Problems with the Gas Supply
With the high gas flow and strong agitation seen in bacterial cultures, the length of the pipes from the gas supply to the vessel is hardly relevant. Gases are distributed by inlet pressure and agitation and thus reach the cells rapidly. The efficient supply of required gases to plant and animal cells, which are less aerated and agitated, is not as simple.
Plant and animal cells tend to require a highly defined gas atmosphere and a stable pH. Long pathways for the gases and relatively high retention times in large filter housings could delay pH and pO2 control in many cell cultures and thus lead to losses in productivity.
To counteract these effects, three steps must be taken—a shortening of the pipes between the gas-mixing station and reactor, a reduction in pipe diameter, and a reduction in the dead volume of filters and filter housings.
The first two design changes are relatively straightforward and depend on plant geometry. But the alteration of filters and filter housings is more problematic.
The smallest dead leg and the shortest gas flow path are to the autoclavable single-use filters. These filters can not be sterilized with in situ sterilizable bioreactors and therefore can not be integrated into the plant. If the filters are autoclaved separately and mounted to the plant after sterilization of the reactor, a source of contamination is created.
The solution to the problem, as developed by Bioengineering, is based on the utilization of single-use filters with hydrophobic PTFE membranes and optimized dead legs for in situ sterilizable systems. Thus the retention time of the gases in the filters is minimized. Gas retention during the passage through filter housings is thusly avoided, since the new system simply dispenses with additional housings. Because of the small size of the filters the pipe diameters of the aeration lines can be kept small and the gas passage short.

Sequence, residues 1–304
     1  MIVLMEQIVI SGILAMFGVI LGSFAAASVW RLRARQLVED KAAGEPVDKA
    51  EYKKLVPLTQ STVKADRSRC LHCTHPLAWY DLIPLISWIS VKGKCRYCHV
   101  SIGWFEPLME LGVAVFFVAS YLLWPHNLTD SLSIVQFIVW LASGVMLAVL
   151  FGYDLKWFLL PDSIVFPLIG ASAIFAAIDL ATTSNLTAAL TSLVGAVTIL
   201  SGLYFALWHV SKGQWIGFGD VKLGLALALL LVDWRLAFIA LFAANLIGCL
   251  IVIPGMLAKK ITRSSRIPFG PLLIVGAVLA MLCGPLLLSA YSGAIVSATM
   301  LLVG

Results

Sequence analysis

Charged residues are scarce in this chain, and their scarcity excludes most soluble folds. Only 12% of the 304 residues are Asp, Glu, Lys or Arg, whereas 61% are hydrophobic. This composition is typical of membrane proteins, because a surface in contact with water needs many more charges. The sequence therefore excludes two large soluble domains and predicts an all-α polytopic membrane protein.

How can the incompatibility of autoclavable single-use filters with in situ sterilizable bioreactors be circumvented and the full integration of filters in the plant be assured?
In Bioengineering’s new aeration system, single-use filters for each of the four gases in the gas-mixing station are located in an autoclave. This autoclave is integrated into the piping system of the plant and fitted with a viewing glass. A special set of valves, which are steam permeable, is mounted in the autoclave. The steam generated by the autoclave sterilizes the aeration line to a valve in the sterile cross. The pipe from the vessel to the sterile cross is sterilized in the course of the vessel sterilization, and the single-used filters are automatically sterilized in the autoclave.
Thus full integration of the autoclave and the filters into the plant is assured. The automatic sterilization of the entire plant, including single-use filters, is rendered possible. No manipulation of the filters is conducted after sterilization, minimizing the contamination risk and ensuring conformity with applicable regulations.
The advantages of the Bioengineering system are many. Cell culture operations in bioreactors can be supplied with the required sterile gases in the shortest possible time—this creates fast control loops for pH and pO2 control and therefore efficient response to all changes in cell metabolism during fermentation. Integration and automation of the aeration system significantly minimizes the work effort with single-use filters and provides the same hygienic safety as is standard with larger filters and filter housings.